Rwanda scheme ruled unlawful in win for asylum charity

The ruling serves a huge blow to Suella Braverman's Rwanda plan

The Home Secretary has been dealt a huge blow in her plans to send asylum seekers on a plane to Rwanda after the scheme was deemed unlawful by the UK Court of Appeal today.

Judges concluded that Rwanda was currently not a safe country to receive asylum seekers from the UK, after the plan was challenged in court by the charity Asylum Aid along with 10 asylum seekers.

Lord Burnett, the Lord Chief Justice, said in court: “The High Court’s decision that Rwanda is a safe third country is reversed. Unless and until the deficiencies in its asylum processes are corrected, removal of asylum seekers to Rwanda will be unlawful.”

Two out of three of the judges ruled that the government’s plan to forcibly move asylum seekers to Rwanda to have their claims processed was unlawful. It overturns a previous court hearing in December which deemed that it was lawful to send some people to Rwanda.

The £140 million Rwanda deal has been slammed for already wasting money and energy which could have gone on increasing staff numbers to tackle the backlog and processing of asylum seekers already, rather than into a scheme now deemed unlawful.  

Lib Dem Councillor Hina Bokhari said it was a ‘huge win for human rights in the UK’.

She wrote on Twitter: “We knew that these plans by Conservatives were cruel and immoral from the start. We must treat refugees with compassion and respect. Giving them the right to work while their claims are processed should be the next step.”

The charity Care4Calais, who have been involved in campaigns against the scheme, expressed that they were ‘truly relieved’ about the verdict this morning.

Caroline Lucas wrote it was ‘excellent news’ and referred to the scheme as ‘utterly inhumane, grotesquely immoral and totally unworkable’ and now ‘illegal and in clear breach of human rights law’. She added it was, ‘time for an asylum policy which treats people with respect and diginity’.

Rishi Sunak has come out to say he ‘fundamentally disagrees’ with the court ruling, and stated how the government will now seek permission to appeal the decision to the Supreme Court, in what looks to be a lengthy and costly battle.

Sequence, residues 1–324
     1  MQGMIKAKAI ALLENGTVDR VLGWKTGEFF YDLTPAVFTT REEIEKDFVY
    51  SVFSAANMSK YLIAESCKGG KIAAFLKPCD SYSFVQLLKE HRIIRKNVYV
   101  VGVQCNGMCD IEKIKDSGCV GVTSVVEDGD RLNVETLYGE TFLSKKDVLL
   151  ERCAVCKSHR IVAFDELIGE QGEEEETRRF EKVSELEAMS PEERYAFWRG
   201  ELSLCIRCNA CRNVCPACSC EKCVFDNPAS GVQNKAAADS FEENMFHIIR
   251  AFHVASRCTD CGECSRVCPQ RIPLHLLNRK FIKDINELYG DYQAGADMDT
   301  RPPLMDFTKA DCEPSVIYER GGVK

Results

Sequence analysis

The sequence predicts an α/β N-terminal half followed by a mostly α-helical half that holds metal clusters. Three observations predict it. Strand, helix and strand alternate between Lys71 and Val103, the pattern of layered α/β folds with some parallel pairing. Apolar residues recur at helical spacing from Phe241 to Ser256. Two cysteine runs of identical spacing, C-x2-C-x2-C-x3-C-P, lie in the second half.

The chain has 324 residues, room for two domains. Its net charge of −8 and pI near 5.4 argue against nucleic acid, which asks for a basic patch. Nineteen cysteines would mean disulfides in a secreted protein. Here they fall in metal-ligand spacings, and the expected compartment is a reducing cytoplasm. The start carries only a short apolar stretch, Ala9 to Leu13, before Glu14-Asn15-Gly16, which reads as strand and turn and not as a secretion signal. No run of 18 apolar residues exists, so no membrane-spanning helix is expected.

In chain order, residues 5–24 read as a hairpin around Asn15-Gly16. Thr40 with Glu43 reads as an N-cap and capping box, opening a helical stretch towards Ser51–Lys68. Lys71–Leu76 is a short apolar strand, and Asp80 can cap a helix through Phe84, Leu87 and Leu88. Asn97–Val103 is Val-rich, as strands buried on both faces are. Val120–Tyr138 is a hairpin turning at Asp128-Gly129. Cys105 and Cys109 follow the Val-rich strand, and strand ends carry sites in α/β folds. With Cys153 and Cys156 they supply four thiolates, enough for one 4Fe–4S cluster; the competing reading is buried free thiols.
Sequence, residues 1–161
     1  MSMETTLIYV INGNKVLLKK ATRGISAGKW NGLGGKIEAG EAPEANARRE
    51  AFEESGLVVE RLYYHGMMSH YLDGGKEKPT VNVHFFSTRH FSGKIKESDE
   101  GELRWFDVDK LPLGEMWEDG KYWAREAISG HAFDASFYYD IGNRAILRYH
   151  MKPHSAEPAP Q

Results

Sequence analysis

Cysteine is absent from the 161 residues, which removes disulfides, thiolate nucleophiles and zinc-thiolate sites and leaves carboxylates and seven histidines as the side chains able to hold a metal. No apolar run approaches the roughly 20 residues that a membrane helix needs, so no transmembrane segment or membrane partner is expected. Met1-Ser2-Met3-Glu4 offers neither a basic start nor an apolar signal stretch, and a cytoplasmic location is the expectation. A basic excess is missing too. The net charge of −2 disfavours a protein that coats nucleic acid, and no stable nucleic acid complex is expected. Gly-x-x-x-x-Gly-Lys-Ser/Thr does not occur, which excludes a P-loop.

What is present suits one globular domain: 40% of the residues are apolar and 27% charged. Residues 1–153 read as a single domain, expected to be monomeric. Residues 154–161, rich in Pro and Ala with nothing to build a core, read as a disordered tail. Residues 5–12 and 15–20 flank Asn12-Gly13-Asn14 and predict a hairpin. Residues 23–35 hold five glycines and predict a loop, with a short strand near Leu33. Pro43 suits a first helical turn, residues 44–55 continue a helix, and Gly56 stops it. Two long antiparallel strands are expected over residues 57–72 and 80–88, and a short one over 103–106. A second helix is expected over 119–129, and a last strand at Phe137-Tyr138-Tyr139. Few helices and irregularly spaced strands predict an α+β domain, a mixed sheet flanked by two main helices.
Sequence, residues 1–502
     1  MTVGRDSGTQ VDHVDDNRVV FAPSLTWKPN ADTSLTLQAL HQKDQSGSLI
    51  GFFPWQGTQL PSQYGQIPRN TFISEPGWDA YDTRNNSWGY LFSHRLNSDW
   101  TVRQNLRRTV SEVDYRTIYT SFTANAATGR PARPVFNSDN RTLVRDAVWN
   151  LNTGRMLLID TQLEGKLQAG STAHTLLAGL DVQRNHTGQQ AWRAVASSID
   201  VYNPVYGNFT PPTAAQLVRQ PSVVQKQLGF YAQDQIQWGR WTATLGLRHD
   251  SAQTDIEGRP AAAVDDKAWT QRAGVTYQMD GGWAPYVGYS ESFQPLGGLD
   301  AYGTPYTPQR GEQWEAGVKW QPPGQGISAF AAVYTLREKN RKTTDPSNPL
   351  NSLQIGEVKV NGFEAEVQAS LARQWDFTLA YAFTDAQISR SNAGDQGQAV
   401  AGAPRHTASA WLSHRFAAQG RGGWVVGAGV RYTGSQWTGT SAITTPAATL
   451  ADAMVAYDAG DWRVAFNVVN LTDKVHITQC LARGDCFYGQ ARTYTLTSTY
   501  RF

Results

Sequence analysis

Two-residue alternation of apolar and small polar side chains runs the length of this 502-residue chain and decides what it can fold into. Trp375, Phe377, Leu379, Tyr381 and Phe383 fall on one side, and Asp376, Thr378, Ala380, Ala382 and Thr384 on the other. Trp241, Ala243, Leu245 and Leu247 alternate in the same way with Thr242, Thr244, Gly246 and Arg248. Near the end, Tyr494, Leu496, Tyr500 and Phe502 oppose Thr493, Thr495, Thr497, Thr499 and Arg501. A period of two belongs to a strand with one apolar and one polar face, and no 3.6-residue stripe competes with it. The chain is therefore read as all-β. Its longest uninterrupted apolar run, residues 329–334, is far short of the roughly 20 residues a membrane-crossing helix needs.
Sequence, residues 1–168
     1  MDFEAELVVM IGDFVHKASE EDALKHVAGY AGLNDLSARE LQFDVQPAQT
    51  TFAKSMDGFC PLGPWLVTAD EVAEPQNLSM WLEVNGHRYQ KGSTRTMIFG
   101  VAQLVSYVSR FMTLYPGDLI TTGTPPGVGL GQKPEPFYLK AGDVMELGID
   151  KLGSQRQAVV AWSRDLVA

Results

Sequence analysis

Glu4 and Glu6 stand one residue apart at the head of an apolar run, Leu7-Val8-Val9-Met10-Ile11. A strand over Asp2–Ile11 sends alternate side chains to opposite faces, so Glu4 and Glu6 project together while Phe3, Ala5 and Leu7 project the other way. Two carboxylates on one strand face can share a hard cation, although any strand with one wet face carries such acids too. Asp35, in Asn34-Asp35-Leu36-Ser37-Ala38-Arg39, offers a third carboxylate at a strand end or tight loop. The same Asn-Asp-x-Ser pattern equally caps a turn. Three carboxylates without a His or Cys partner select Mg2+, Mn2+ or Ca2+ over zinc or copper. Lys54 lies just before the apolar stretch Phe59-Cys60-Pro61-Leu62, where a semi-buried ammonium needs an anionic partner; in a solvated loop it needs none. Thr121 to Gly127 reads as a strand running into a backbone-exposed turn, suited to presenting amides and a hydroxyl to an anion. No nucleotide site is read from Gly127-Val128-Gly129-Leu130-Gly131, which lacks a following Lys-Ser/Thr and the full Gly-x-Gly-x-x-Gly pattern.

The appeal was won on the grounds that there was reason to believe there is a real risk people sent to Rwanda will be returned to their home countries where they were fleeing, as the judges concluded, ‘Rwanda is not a ‘safe third country’.

However, the Rwanda government released a statement taking issue with the verdict.

A spokesperson said: “Rwanda is one of the safest countries in the world and we have been recognized by the UNHCR and other international institutions for our exemplary treatment of refugees.

“Rwanda remains fully committed to making this partnership work. The broken global migration system is failing to protect the vulnerable, and empowering criminal smuggling gangs at an immeasurable human cost. When the migrants do arrive, we will welcome them and provide them with the support they’ll need to build new lives in Rwanda.”

Justice organisations have pushed for safe and legal routes to the UK to be prioritised, over the Rwanda scheme, in order to protect the human rights of people fleeing persecution and war.

It follows on from the news that the government’s Illegal Migration Bill suffered multiple defeats in the House of Lords last night, in another challenge to Tory MP attempts to push through unethical and dangerous legislation on migration.

(Photo credit: UK Home Office / WikiCommons)

Hannah Davenport is trade union reporter at Left Foot Forward

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